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Project Scorpio Specs Unveiled! – The PC/Console Hybrid?

6 Apr , 2017  

Well, after nearly a year of speculation and in-depth analysis of what Microsoft’s newest console could be, confirmed detailed specs have finally been unveiled by the folks over at Digital Foundry. That’s right, Project Scorpio has been unveiled by Microsoft’s biggest critic. Is this an act of courage or are Microsoft really that confident about their upcoming system? Let’s take a look.

For starters, the system will pack a whats called a ‘Scorpio Engine’ which contains a 16nm FinFET chip produced by TSMC, containing a whopping 7 Billion transistors. This is an evolved version of the pre-existing 8-core AMD Jaguar core, with 4MB of L2 Cache. Frequencies have been increased from 1.75 GHz to 2.3GHz.

Customised from head to toe.

 

Other optimisations at the silicon level include coherency between CPU and GPU, which targets lower latency. DirectX 12 has been implemented directly into the hardware of the Command Processor in the GPU. This means that draw core instructions that typically require thousands of instructions are now reduced to just 11 (Yes, Eleven!). Microsoft says that CPU rendering load should drop by half with games that use DirectX 12 renders. Audio processing, which can also be CPU intensive have been offloaded to the dedicated APB silicon within the Scorpio Engine. Spatial audio in the form of Dolby Atmos is supported @ 7.1 surround.

 

GPU – Microsoft promised at E3 2016 a console that could deliver 6TFlops of performance in comparison to the Xbox One’s 1.13TFlops (the PS4 Pro can produce 4.2TFlops), and they have delivered! The GPU has 40 compute units clocked @ 1172Mhz (in comparison to the Xbox One’s 12/853Mhz and PS4 Pro’s 36/911Mhz), which in effect gives the Scorpio 11% of additional hardware and a 27% boost to frequency. In English, this gives the Scorpio a 43% computing advantage. The GPU design has features derived from AMD’s Polaris technology which essentially is a Radeon RX480 if you’re a PC gamer.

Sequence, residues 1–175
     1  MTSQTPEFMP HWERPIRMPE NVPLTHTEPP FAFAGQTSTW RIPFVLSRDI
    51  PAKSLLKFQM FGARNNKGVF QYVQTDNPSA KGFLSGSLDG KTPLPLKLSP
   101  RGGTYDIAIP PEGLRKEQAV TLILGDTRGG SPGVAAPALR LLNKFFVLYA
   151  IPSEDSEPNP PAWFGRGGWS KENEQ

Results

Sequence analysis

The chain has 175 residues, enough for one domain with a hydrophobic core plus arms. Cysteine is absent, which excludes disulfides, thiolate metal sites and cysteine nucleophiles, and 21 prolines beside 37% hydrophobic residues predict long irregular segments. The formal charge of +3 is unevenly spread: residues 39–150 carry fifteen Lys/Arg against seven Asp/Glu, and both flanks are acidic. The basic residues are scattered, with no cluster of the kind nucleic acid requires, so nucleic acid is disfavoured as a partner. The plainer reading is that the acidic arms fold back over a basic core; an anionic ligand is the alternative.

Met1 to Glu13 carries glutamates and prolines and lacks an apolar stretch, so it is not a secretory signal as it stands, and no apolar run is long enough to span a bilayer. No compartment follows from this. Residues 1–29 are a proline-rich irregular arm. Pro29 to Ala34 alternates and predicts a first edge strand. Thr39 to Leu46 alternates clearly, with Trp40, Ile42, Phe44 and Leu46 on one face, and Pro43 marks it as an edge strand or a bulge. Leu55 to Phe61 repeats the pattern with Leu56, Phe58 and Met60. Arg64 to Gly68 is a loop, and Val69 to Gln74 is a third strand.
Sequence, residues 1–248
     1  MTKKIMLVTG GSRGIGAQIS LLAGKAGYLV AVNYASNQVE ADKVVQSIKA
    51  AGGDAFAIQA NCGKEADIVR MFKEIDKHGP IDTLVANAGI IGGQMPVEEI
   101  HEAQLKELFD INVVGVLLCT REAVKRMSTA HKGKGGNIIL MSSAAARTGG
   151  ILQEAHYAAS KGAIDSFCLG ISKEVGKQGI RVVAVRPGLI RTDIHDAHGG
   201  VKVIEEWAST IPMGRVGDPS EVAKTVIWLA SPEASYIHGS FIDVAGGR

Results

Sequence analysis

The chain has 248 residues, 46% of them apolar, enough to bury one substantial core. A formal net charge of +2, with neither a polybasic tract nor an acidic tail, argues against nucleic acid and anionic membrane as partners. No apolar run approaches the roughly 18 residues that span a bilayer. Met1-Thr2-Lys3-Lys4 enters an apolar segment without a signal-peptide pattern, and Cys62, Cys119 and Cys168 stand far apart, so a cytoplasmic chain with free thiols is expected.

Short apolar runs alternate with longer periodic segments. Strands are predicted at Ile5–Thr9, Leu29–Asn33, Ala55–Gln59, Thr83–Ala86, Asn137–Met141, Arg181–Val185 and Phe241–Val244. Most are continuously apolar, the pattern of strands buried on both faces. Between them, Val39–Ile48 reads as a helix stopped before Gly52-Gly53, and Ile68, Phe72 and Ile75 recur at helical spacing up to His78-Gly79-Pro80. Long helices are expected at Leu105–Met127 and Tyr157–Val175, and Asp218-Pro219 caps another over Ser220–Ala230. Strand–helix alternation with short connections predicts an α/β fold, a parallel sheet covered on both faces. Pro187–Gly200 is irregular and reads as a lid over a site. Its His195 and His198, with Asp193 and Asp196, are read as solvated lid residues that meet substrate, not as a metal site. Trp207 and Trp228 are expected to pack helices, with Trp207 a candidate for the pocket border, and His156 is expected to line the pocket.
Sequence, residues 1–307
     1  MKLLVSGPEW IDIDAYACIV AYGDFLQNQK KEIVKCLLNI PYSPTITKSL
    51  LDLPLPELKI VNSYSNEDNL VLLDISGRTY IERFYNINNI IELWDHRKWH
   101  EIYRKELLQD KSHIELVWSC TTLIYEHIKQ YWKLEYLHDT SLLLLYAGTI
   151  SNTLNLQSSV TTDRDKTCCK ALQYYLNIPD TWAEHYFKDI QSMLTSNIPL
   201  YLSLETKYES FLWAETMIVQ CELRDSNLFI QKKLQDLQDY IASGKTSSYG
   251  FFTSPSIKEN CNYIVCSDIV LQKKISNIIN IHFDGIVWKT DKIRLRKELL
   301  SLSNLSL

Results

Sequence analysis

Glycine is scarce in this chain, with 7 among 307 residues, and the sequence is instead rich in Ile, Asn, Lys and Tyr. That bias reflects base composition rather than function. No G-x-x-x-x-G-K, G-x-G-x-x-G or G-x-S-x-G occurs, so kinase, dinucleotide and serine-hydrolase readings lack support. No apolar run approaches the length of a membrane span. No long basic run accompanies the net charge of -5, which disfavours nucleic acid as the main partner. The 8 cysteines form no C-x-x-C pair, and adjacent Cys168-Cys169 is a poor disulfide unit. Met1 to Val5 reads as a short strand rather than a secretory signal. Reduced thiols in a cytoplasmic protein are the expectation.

The brains of it all – Scorpio Engine.

RAM – 6.8Ghz GDDR5 modules on a 384-bit interface offering a total of 326GBs of bandwidth. 8GB out of the 12GB total will be made available to developers whilst the remaining 4GB will be reserved for system operations (ie. OS and various background processes). However this allows the Scorpio’s dashboard to render at native 4K resolution, something the Xbox One was never capable of doing.

Essentially Microsoft has delivered on what it set out to achieve, however it’s a lot more sophisticated than a bunch of specs. Being that Project Scorpio is a mid-gen refresh of existing hardware, Microsoft were able to take existing games that stretched the Xbox One to it’s limits and run them through hardware emulators to see where the strains and various bottlenecks existed in games before creating a single physical chip. The result is a series of heavily customised pieces of hardware (60 specifically in the GPU pipeline alone) that tailor to the strains of modern day gaming. This allowed Microsoft to not only run games in native 4K, but exceed well beyond that in some areas, thus allowing Software to define Hardware instead of Vice Versa.